Anxious & tearful



Hi All

Went for my usual Neuro appointment today. Felt fine when sitting in waiting room, then as soon as I was called in I was awash in floods of tears, and was trying to tell her how i had been feeling but couldn't tell her for crying! Just as well my OH attended and continued the conversation. I eventually gather myself together but felt so angry with myself for being like that. Has anyone else felt the same or been in the same situation, or is it a 'woman' thing............



Hi Sheffy,

It's not just a woman thing, it's an everybody thing.  Over the past few years, I have felt so miserable that I cried myself to sleep.  I realised that it was not normal for me to be in such a mood so I went to my GP.  He went through a simple questionnaire and decided I was depressed and prescribed some anti-depressants.  He also signed me up with a Cognitive Behavioural Therapist to see it she could help - it's early days so I cannot say it's working or not.




Hi Peter

Many thanks for you reply to my post, It gives me great comfort to know that something can be done about it. My neuro advised me to go to my GP and have a word with him and that maybe he would prescribe  something, but I don't really want to go on anti-depressants, but now that I know there is an alternative in behavioural therapy I will approach him and hopefully he can put me in touch with one in my area - Leicester. I didn't really think that this crying was that much to worry about I thought it was me just being over emotional, so thankyou for making me realise that this is something that needs to be sorted.



Hi Sheffy.....I am sorry i have not been on the forum for ages, but i am glad i have this evening and read your post. I felt for you as soon as i read how you were feeling and just wanted to tell you that you are not alone and i know what it is like to suddenly feel overwhelmed by emotion like this. where it comes from i have no idea, i have thought it must be hormonal, after being on HRT for 19 years and gradually took myself off it a few months back. Or is it just that everything eventually comes to a head? We cope don't we with all that is thrown at us....and when our poor bodies cannot take anymore it tells us. Trouble is it happens without any warning generally and that is a bit of a shock isn't it? Like you i can poodle along quite happily and the next thing i am in floods of tears and couldn't tell you why. I tried anti depressents many years ago when my dear Dad died and i was having panic attacks, but i didnt stay on them for long, as someone suggested line dancing or any type of exercise i guess would do the same, buti literally threw myself into it and it helped me so much. Now when i feel this overwhelming sadness, i have a good cry, and it can go on for ages then i put on some music which is uplifting and give it some wally!!!! (worth a try )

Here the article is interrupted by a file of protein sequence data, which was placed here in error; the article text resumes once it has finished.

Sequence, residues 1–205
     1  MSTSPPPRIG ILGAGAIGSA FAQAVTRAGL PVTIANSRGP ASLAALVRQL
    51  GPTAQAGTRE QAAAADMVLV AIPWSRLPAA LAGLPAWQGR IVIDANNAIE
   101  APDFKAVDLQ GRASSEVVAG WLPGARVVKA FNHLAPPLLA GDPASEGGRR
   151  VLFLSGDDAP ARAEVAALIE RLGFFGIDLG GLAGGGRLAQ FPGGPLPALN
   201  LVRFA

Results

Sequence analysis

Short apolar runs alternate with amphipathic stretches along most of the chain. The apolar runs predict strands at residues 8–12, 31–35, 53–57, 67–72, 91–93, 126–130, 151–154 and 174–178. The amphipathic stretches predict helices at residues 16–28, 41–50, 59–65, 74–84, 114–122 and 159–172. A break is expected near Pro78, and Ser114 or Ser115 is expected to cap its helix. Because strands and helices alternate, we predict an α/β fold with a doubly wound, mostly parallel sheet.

Thinking of you matey.......keep your chins up! 

love Dolly x




Hi Dollymaz

Thanks for the kind words. I felt so silly and angry that I behaved the way I did when as far as I could see that there was no need for it. I was always an emotional person but since the parkinsons was DX i've been worse. It could be hormonal as you say or it could be the parkinsons. My GP was brilliant when I went to see her, she was not my usual GP but she was really helpful  and has put me in touch with someone. We do tend to cope when we have so many things thrown at us, and none so much as you, I hope you and your OH are coping well and that he is doing well. It's good to have this forum to reach out to other people in the same situation as yourself.

Thanks Sheila x


Hello Shefinn,

I thought I'd chip in with this if you don't mind. During the last few years my emotions have become exaggerated, exactly as my father's did when he was my age - 72. But he was never diagnosed - I now recognise his symptoms, of course. The problem of uncontrollable weeping - and I mean the full monty at sad or touching moments, I (being male) find - and my father found - extremely embarrassing. Neither he nor I were, in our earlier years, particularly emotional, and friends and family probably find it shocking. I try to explain but guess that I'm not believed half the time - especially when I have to make quick exits. All this could be so much less difficult with a little more public awareness of the neurological side of PD, don't you think?

Oh yes, and I don't feel depressed at all. In fact it's only by being so cheerful etc.



Hi Blubber - I think there should be more public awareness of all the aspects of PD, because I've become aware myself that too few many of the public know very little about it. Just to let you know that I had four sessions with an advisor, who was very good, (hence the reason for just four sessions) It made a whole lot of difference in how I felt by just talking, You shouldn't hold your feelings in, I admire a man who shows his feelings, it shows he cares. Plus it is all part of the dreaded parky  unfortunately, but i'm so pleased you are not depressed with it, so keep smiling and have your weep when you feel like it, it keeps the depression at bay!

I wish you well, all the best - Sheila

I've cried gp nero nurses every one I've seen pd is very emotional as well



Hi gus - I must admit i'm not so weepy now since I had that therapy, I had a lot talk about and to off load, and the lady I saw just sat and listened to me, and I felt a whole lot better. I must have had a lot of apprehension built up inside me and did'nt realize, and poured it all out. My neuro put me in contact with her, she's from a group called 'Lets Talk' based at Nottingham.

Hope you are coping well - Sheila